Prostitution Contents

2Prostitution in England and Wales

Legislation in England and Wales

12.Prostitution policy and legislation are devolved matters, and it is open to both Scotland and Northern Ireland to legislate separately. In England and Wales, the sale and purchase of sexual services is legal, but various related activities are criminal. This includes activities linked to exploitation, such as controlling prostitution, or managing a brothel, and activities that can present a public nuisance, such as buying or selling sex in public. The relevant legislation is spread over several Acts. All prostitution legislation is gender neutral. The Home Office provided an overview of the relevant legislation, which is reproduced as an Appendix to this Report.

13.The Home Office stated that the Government’s legislative aim is to prevent people leading or forcing others into prostitution and to target those who make a living from the earnings of prostitutes. The legal approach is therefore intended “to tackle those who recruit others into prostitution for their own gain or someone else’s by charging offences of causing, inciting or controlling prostitution for gain, or trafficking for sexual exploitation”.3 Crown Prosecution Service (CPS) guidance on prostitution includes an overview of the relevant legislation in England and Wales, and sets out practical and legal guidance to prosecutors dealing with prostitution-related offences.4

The sex industry in England and Wales

14.The Home Office did not provide any information in its written submission about the current extent and nature of prostitution in England and Wales. Some witnesses did provide statistics, and referenced research studies which gave some background information about the current profile of prostitution in parts of the UK, and this information is summarised in the following paragraphs.

Difficulties in collecting statistics about the sex industry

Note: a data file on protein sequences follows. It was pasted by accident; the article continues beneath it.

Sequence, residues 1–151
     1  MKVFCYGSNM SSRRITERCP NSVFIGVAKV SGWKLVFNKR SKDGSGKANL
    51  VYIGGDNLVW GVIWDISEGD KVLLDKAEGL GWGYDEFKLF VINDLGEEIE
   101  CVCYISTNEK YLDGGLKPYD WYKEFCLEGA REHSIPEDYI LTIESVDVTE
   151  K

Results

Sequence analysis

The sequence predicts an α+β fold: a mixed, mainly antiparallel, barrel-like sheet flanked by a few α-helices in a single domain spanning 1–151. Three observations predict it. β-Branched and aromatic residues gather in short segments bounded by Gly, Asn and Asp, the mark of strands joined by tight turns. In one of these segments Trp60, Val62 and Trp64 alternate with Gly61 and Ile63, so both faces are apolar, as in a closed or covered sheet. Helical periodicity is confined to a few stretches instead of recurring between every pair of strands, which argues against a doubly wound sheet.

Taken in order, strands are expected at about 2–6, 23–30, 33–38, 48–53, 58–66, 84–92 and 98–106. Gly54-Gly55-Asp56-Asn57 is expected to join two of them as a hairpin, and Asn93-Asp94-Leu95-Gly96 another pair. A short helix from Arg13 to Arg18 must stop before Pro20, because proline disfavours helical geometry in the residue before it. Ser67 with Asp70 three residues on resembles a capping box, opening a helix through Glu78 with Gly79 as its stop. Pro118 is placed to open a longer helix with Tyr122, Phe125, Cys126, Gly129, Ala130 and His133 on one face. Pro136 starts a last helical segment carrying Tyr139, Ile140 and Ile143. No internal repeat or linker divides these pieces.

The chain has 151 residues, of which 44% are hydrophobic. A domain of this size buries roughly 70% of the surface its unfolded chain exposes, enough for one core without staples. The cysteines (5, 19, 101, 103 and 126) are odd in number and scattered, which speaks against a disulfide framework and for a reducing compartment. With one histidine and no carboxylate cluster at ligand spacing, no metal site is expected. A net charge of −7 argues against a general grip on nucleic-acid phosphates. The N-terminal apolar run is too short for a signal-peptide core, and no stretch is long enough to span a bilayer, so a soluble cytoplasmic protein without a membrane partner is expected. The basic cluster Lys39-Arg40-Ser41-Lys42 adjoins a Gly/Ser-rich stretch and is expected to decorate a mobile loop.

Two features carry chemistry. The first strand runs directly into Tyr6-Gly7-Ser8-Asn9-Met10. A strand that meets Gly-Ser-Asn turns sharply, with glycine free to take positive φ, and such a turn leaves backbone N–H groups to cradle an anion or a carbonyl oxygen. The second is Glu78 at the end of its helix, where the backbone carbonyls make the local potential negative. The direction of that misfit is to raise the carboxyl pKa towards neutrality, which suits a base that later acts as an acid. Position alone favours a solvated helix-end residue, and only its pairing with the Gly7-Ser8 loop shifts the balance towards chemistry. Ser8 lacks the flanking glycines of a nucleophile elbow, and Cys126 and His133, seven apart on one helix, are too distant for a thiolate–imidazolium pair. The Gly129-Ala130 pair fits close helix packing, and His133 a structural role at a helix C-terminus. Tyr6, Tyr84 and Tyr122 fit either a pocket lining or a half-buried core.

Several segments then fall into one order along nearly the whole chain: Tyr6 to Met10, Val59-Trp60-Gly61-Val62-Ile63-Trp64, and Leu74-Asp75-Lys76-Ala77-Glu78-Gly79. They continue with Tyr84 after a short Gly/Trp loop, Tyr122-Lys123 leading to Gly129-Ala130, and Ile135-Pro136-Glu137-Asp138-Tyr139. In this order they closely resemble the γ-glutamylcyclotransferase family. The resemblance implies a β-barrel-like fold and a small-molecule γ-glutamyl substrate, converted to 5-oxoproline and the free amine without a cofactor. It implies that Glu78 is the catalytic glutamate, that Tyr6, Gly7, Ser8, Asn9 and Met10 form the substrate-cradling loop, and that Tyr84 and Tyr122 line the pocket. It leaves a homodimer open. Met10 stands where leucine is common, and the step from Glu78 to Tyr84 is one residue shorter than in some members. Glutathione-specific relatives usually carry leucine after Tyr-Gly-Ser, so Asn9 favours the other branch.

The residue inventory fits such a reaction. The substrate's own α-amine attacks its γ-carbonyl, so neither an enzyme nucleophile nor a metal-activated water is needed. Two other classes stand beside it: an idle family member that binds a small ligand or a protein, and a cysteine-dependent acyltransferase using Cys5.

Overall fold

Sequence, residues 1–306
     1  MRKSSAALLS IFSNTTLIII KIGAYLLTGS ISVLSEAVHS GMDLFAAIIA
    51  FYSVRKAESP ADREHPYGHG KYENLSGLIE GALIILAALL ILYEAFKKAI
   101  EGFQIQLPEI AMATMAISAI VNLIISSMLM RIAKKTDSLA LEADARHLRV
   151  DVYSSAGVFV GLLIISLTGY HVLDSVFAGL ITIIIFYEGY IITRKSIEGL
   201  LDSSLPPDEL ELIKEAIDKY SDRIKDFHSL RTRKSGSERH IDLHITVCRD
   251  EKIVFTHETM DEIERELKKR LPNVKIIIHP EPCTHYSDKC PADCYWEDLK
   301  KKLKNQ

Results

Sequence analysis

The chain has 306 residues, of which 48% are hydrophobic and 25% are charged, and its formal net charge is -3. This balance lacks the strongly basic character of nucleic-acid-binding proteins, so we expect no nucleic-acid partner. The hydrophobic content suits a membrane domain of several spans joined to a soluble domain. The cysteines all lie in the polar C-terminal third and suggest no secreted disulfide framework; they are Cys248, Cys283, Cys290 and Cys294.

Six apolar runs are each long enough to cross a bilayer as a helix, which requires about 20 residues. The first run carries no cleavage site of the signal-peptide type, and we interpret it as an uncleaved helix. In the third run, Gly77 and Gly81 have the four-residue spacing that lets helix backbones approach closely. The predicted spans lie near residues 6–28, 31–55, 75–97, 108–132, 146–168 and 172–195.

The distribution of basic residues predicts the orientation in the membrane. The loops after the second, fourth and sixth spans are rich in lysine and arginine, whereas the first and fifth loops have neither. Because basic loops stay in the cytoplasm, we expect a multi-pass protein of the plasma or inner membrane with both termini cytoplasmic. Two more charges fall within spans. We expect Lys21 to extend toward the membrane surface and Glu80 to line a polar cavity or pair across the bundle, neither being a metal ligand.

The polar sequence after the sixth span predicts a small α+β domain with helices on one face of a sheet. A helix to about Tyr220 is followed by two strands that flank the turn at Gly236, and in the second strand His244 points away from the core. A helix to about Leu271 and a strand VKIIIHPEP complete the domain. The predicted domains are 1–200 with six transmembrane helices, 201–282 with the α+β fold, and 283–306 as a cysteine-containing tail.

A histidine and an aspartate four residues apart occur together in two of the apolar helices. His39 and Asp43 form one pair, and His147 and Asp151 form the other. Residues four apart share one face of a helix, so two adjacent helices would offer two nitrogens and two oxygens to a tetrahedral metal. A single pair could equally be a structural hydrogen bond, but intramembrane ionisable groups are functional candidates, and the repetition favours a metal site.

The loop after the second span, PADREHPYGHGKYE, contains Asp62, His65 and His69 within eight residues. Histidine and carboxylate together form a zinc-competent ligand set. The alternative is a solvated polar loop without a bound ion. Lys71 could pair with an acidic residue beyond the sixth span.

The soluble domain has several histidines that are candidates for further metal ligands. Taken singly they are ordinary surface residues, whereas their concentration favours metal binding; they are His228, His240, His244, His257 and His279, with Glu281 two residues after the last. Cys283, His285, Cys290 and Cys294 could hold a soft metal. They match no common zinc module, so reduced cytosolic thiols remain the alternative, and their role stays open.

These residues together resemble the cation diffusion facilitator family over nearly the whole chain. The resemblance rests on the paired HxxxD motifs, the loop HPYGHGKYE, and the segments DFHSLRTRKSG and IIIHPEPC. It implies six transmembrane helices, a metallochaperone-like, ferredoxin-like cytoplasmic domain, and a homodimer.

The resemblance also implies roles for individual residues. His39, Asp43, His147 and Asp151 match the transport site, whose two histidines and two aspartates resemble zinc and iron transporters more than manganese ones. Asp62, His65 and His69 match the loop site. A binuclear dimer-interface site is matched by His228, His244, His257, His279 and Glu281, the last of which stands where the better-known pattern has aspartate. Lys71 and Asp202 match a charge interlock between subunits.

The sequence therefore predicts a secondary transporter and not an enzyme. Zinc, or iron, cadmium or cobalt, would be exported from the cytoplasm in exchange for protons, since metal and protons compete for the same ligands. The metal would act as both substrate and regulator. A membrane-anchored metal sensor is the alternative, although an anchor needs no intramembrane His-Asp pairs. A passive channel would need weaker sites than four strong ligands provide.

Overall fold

15.There appear to be many gaps in the information available, particularly about indoor prostitution which forms the largest and least visible part of the sex industry. In addition, much of the data which is available is interpreted in different ways, and used to support different arguments. Sex workers with health, addiction and other support needs who are known to the authorities can be easier for researchers to contact, whereas many indoor sex workers, especially those who keep their sex work secret from their friends and families, are very difficult to contact. National Ugly Mugs, a national support organisation for sex workers which was initially funded by the Home Office, said that statistics pertaining to the sex industry are often conflicting and contested and can be difficult to understand for the following reasons:


16.Dr Belinda Brooks-Gordon, who has recently analysed the economic contribution of sex work to UK GDP for the Office of National Statistics, told us that the total number of sex workers in the UK is estimated to be around 72,800, with approximately 32,000 of those working in London.6 The Fawcett Society referred to research conducted in 2014, which indicated that there were at least 58,000 women in prostitution in the UK, with an average of 25 clients per week, each paying on average £77.69 per visit.7


17.End Demand, a campaign calling for Parliament to adopt the sex buyer law, said that “the majority of people exploited through prostitution are women and girls and the majority of those who pay for sex are men.”8 In its 2014 Report, Shifting the Burden, the All-Party Parliamentary Group (APPG) on Prostitution and the Global Sex Trade reported that 95% of sex workers are women.9 However, other witnesses pointed out that, whilst the majority of sex workers are female, there is a significant minority of male and transgender sex workers, and that some sex buyers are women.10 The Sex Work Research Hub (a consortium of academics based at the Universities of Durham and Leeds) cited research which estimates that women comprise just over 80% of indoor sex workers, with more than 17% male and just over 2% transgender.11 Professor Philip Hubbard commented that the scope and scale of male and trans work, much of which occurs online and via mobile phone connection, is often significantly underestimated.12 The National Aids Trust noted that, while the sex work profession is dominated by women, it is vital to recognise the breadth of people involved in order to target interventions effectively.13